William Strang, who was to play an important role in Allied negotiations with Moskow in 1939 and who eventually became Permanent Under-Secretary at the Foreign Office, later wrote: 'It can fairly be said of Neville Chamberlain that he was not well versed in foreign affairs, that he had no touch for a diplomatic situation, that he did not fully realise what it was he was doing, and that his naive confidence in his own judgement and power of persuasion and achievement was misplaced.' Strang summed up Chamberlain's approach to the subject coolly and without rancour, despite the frustration, and even desperation, which he must have felt at the time, but which he concealed like the dedicated civil servant he was. 'His mind was dominated,' Strang said, 'by two thoughts. The first was hatred of war so deep that he would think that heavy sacrifices would be justified in order to avoid it. The second was the belief that the German and Italian dictators were men whose word could be relied on; that it was possible to come to agreements with them which could transform the international situation for the better and give peace in Europe; and by that by his personal influence with them he could hope to bring such agreements about.' - The Deadly Embrace: Hitler, Stalin, and the Nazi-Soviet Pact 1939-1941, By Anthony Read, David Fisher, Pages 24-25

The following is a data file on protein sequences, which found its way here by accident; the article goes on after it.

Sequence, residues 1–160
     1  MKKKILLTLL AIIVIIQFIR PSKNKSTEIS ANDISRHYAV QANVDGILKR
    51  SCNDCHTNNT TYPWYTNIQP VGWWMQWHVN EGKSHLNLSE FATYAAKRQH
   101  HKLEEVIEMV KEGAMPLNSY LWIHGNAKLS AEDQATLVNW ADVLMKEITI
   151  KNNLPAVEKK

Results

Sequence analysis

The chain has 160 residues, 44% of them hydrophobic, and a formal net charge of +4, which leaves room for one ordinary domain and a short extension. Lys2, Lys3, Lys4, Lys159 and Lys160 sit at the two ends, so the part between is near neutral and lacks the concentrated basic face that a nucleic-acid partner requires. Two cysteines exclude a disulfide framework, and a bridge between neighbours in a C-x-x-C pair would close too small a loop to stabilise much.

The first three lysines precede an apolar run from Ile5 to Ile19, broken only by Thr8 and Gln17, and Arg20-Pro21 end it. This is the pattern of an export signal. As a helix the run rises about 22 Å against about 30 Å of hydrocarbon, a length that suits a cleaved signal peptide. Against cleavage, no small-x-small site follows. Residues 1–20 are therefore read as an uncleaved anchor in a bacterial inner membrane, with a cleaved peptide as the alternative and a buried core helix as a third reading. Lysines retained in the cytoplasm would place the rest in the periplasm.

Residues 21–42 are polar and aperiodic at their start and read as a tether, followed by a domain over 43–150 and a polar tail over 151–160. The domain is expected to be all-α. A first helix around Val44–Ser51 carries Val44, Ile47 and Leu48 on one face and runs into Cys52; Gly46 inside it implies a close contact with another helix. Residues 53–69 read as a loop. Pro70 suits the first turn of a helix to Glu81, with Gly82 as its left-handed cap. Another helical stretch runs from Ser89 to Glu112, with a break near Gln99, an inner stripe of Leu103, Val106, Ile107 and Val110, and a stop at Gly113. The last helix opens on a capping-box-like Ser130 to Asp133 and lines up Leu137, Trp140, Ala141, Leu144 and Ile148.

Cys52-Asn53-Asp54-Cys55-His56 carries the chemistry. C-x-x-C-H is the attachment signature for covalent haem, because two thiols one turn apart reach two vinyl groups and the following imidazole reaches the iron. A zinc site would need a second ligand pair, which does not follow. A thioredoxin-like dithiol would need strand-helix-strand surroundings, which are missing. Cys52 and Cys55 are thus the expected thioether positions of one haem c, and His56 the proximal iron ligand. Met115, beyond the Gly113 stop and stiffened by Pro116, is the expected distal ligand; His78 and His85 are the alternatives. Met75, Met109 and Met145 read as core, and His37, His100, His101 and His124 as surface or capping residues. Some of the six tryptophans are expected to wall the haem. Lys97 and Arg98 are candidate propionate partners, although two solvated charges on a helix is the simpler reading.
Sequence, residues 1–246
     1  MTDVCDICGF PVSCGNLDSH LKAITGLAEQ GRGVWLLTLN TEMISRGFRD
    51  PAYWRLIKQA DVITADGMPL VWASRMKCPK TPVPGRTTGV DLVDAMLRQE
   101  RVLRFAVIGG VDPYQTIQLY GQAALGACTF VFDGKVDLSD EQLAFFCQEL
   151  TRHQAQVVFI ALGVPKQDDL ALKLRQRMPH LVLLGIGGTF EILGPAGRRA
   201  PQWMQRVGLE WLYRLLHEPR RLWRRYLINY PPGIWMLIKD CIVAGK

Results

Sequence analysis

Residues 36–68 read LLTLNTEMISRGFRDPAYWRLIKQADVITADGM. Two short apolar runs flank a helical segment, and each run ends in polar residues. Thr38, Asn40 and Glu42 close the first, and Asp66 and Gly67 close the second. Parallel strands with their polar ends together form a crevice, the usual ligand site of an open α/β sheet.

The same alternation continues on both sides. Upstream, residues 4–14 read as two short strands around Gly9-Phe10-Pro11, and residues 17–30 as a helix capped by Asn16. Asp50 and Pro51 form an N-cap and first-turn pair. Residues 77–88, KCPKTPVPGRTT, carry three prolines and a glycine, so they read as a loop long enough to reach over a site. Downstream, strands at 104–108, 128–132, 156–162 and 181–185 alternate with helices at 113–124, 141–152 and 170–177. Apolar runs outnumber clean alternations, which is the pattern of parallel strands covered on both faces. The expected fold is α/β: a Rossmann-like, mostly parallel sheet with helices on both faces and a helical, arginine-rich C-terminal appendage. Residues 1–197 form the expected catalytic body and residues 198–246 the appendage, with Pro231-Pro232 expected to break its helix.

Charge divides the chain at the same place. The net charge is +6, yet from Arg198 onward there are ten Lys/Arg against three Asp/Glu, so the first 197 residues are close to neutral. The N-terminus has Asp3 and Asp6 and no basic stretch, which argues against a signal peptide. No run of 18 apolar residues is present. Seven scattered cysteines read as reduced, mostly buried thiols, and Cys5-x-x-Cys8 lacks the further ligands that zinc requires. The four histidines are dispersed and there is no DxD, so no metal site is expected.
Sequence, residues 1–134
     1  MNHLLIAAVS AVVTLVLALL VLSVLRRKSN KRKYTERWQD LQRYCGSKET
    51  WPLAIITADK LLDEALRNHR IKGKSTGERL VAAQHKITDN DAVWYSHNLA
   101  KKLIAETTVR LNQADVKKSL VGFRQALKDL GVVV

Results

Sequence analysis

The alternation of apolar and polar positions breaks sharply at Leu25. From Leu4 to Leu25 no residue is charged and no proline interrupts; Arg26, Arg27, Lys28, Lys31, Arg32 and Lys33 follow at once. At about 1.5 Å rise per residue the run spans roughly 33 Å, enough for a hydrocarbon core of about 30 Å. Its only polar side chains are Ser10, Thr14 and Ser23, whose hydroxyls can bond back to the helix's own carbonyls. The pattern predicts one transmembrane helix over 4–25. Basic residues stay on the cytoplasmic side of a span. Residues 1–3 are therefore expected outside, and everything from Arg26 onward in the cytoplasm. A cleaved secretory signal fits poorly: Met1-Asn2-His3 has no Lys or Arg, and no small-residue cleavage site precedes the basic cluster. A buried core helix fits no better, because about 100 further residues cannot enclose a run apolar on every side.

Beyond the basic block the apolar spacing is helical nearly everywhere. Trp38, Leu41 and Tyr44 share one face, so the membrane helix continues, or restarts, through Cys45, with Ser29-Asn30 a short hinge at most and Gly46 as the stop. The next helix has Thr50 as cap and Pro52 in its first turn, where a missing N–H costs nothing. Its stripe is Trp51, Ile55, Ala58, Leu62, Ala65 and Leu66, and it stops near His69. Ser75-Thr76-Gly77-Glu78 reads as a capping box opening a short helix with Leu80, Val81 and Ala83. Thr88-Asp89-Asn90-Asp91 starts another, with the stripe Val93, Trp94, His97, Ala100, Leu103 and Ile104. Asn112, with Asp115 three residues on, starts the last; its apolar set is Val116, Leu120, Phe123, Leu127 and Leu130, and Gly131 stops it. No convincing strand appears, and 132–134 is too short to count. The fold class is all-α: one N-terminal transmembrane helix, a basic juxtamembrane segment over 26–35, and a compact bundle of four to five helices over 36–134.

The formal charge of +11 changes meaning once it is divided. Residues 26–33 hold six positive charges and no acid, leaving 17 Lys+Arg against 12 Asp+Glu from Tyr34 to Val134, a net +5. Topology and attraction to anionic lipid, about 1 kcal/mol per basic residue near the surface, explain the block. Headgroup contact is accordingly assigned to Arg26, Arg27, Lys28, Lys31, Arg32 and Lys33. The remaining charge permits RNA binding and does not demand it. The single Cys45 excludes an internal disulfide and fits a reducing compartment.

Neville Chamberlain holding the paper containing the resolution to commit to peaceful methods signed by both Hitler and himself on his return from Munich. He is showing the piece of paper to a crowd at Heston Aerodrome on 30 September 1938. He said:
"...the settlement of the Czechoslovakian problem, which has now been achieved is, in my view, only the prelude to a larger settlement in which all Europe may find peace. This morning I had another talk with the German Chancellor, Herr Hitler, and here is the paper which bears his name upon it as well as mine (waves paper to the crowd - receiving loud cheers and "Hear Hears"). Some of you, perhaps, have already heard what it contains but I would just like to read it to you ...".Later that day he stood outside Number 10 Downing Street and again read from the document and concluded:
'"My good friends, for the second time in our history, a British Prime Minister has returned from Germany bringing peace with honour. I believe it is peace for our time."
Guess they didn't get the memo!A hardline demonstrator leaves after pouring kerosene on posters of U.S. President-elect Barack Obama, during a demonstration in support of the people of Gaza, in front of the Swiss Embassy in Tehran January 13, 2009. - REUTERS/Stringer (IRAN) - Yahoo News